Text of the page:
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Different position of the elbow dart (SF and HJA). SF uses the measured distance and HJA instruction is take half of the sleeve length. A very distinct difference. In my sleeves the elbow dart of the SF sleeve seemed a little too high. Which is strange as it was the length measured. The HJA dart is wider (1/2 inch to 1 inch). The curve was more clear.

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This will be all my posting about drafting this dress. I’m still on the fence whether to continue or not. The fabric is lovely and I do have enough to cut a different front pattern. Any thoughts for an alternative front welcome! I will probably be sewing a lingerie set in the meantime.

9 comments:

Unknown said...

A LOT of math has my poor brain dizzy. I've saved this so I can go over it slowly - perhaps understand? Personally I didn't like the front maybe the fabric is too stiff it doesn't have enough drape to flow easily (just my 2 cents). Blessings, Baa

djaktief said...

Very interesting Sigrid! Do you know the Rundschau drafting method. The lessons I had by the Modevakschool were based on that method. It looks a bit like Dankeart but it is different. The shoulder is less high there.

Lyndle said...

Very interesting! Thank you for posting. I have never seen a back cap draft as straight as that dankeart one. Lookslike a lot of extra fabric!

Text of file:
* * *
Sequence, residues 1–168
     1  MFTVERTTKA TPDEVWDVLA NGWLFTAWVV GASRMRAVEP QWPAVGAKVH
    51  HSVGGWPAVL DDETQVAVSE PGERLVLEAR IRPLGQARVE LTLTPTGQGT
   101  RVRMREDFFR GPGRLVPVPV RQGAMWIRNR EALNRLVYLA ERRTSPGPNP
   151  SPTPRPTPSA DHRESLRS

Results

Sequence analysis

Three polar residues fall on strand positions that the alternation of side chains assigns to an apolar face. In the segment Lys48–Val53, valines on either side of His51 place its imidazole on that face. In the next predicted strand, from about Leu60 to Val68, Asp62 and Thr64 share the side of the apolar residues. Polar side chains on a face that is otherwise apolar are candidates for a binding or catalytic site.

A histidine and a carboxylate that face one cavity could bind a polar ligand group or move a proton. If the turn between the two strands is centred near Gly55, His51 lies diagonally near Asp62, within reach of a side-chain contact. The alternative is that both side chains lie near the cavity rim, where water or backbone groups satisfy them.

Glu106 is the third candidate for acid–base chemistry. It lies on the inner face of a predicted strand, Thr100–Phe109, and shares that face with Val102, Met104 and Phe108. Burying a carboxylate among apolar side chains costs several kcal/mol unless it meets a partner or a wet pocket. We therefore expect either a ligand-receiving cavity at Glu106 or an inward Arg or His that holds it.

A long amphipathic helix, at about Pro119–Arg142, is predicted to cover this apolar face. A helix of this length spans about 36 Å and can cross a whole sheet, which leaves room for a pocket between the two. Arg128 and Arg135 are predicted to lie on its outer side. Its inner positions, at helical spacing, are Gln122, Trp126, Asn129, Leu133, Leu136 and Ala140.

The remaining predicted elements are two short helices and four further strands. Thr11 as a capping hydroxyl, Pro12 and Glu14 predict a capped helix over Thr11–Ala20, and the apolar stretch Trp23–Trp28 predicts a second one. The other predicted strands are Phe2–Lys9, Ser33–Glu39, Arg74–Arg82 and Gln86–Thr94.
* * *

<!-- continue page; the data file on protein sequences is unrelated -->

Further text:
katherine h said...

I am following along with interest. I never got my SF sleeve draft to work, but then, I've never got any sleeve to fit properly. Lucky I live in a ot climate where I don't wear sleeves much.

KEZBAN BOYLA said...

I find drafting sleeves is the most difficult since I have hard time fitting it as well.I would like to know how all these methods developed so that I can understand this sleeve business alltogether. You are obviously working hard to find out more. Thanks for sharing all your progress. Lets see what you will do after sewing the lingerie about the dress. Fun to follow the progress.

Unknown said...

Thank you very much for your post. It is interesting to see the differences in the various methods. I do not own the Hellen Joseph Armstrong book but I do plan on purchasing it. I have not take Suzie's class yet but do have her book. Thank you for all your effort.

Marie

Bunny said...

Fascinating. I really appreciate all the effort you've gone to with this lesson, very informative. I look forward to seeing how the SF grainline works and looks in the end.

Nancy K said...

So which sleeve do you like the best? If I remember correctly, the one that was more comfortable also looked the best. From what Kathleen Fasanella has written I would have thought that the one that is not symmetrical would work the best. Obviously not for everyone.

Sharon said...

Your drafting posts are so interesting Sigrid and I really appreciate you going to the trouble to explain it all to us. Sleeve drafting I have heard is the most difficult but the two sleeves that you have toiled look very good for a first test.

Sorry to hear that the dress is not what you want hopefully someone can come up with a suggestion for you.